Nvidia Shield Review

Last Updated on November 30, 2020

Nvidia Shield Portable

If nothing else, Nvidia should certainly earn big points for originality. The Nvidia Shield is a Frankenstein’s monster that’s part tablet, part controller and part mobile gaming console. It’s an unusual combination, and the result is about as odd as it sounds. The most striking thing about the Shield is its size; vaguely resembling an original Xbox controller, the device weighs in at 20.4 ounces and measures 6.2-by-5.3-by-2.2 inches. The build quality is mostly excellent, however the sheer size takes much of the portability out of the portable gaming console. One area in which the quality does suffer is the gamepad, as the logistics of hiding a full gamepad underneath a fold-down display necessarily means there are some sacrifices in terms of ergonomics.

The 5-inch, 1,280-by-720 pixel IPS display of Nvidia Shield Portable is sharp and attractive, and the folding design means it can be placed at virtually any angle. The multi-touch functionality is generally responsive and works well enough, though it takes some getting used to. Under the hood, the Shield packs a serious punch. A 1.9-gigahertz quad-core ARM Cortex-A15 processor and custom graphics chip delivers snappy performance and generally smooth gaming, allowing the Shield to handle nearly anything you throw at it. In addition to Android games, the Shield can also stream PC games provided your rig includes a GeForce GTX 650 or higher graphics card.

Nvidia Shield Tablet

When it was first introduced, Nvidia’s Shield portable inspired equal parts excitement and bewilderment. The half-tablet, half-portable gaming console mash-up was a daring design, but ultimately suffered from several flaws. The Nvidia Shield Tablet is considerably more conventional, but it should be no less exciting for gamers. The Shield tablet comes in the form of a standard 8-inch slate. It’s much lighter than the massive Shield portable, but at 13.1 ounces and 0.36 inches it’s still larger than any of its competitors. In contrast to the Shield portable’s built-in game controller, the Shield tablet uses an optional wireless controller to complete the hardcore gaming package. Nvidia also included a passive stylus that manages to replicate some of the functionality of an active stylus via Direct Stylus 2.0 technology. It’s not perfect, but it works well enough.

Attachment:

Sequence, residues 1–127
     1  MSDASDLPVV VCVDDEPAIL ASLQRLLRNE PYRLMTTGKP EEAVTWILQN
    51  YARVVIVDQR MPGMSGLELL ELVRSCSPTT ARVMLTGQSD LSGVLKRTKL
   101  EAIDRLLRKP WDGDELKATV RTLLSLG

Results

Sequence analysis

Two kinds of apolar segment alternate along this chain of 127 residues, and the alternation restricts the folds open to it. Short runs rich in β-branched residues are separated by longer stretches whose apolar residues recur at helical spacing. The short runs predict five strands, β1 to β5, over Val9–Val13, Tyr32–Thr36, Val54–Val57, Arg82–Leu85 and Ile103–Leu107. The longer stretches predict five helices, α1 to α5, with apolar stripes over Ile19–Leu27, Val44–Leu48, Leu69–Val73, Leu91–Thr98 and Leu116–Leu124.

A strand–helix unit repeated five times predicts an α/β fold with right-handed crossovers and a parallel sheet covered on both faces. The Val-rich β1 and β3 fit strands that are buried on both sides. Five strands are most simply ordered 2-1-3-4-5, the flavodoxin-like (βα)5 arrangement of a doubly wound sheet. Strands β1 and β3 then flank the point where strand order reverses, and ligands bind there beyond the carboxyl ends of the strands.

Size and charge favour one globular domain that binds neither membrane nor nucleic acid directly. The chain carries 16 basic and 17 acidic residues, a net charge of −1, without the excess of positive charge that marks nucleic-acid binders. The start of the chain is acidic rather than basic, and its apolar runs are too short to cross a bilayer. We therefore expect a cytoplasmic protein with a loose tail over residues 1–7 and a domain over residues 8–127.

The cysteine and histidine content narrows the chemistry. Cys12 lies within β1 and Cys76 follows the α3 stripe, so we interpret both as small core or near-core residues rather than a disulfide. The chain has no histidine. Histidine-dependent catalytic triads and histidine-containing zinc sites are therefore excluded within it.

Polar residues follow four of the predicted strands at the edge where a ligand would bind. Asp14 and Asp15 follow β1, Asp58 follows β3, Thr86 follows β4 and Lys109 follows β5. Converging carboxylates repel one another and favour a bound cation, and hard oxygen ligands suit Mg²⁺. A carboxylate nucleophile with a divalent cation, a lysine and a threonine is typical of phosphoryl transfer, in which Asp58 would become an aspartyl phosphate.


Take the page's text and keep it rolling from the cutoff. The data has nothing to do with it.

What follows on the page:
The 8-inch, 1,920-by-1,200 IPS display may not offer the ultra-high resolution found on some tablets, but it produces excellent contrast and color accuracy with more than enough sharpness. The 380-nit brightness can become a problem when combined with the high-gloss screen, but it’s adequate for most lighting conditions. The real star of the Nvidia Shield tablet’s show, however, is the raw power packed under its hood. While the Tegra 4-powered Shield portable offered very respectable performance, the Shield tablet’s Tegra K1 chip is billed as the “world’s fastest mobile processor.” Thanks to a 2.2-gigahertz Cortex-A15 processor and Nvidia’s Kepler GPU architecture, that’s not a hollow claim. The Shield tablet is exceedingly fast, and the Kepler GPU technology supports all of the latest gaming standards. It may not have the same quirky, unique appeal of the Shield portable, but the Shield tablet more than stands on its own as an ultra-powerful gaming machine with enough versatility to appeal beyond the gaming niche.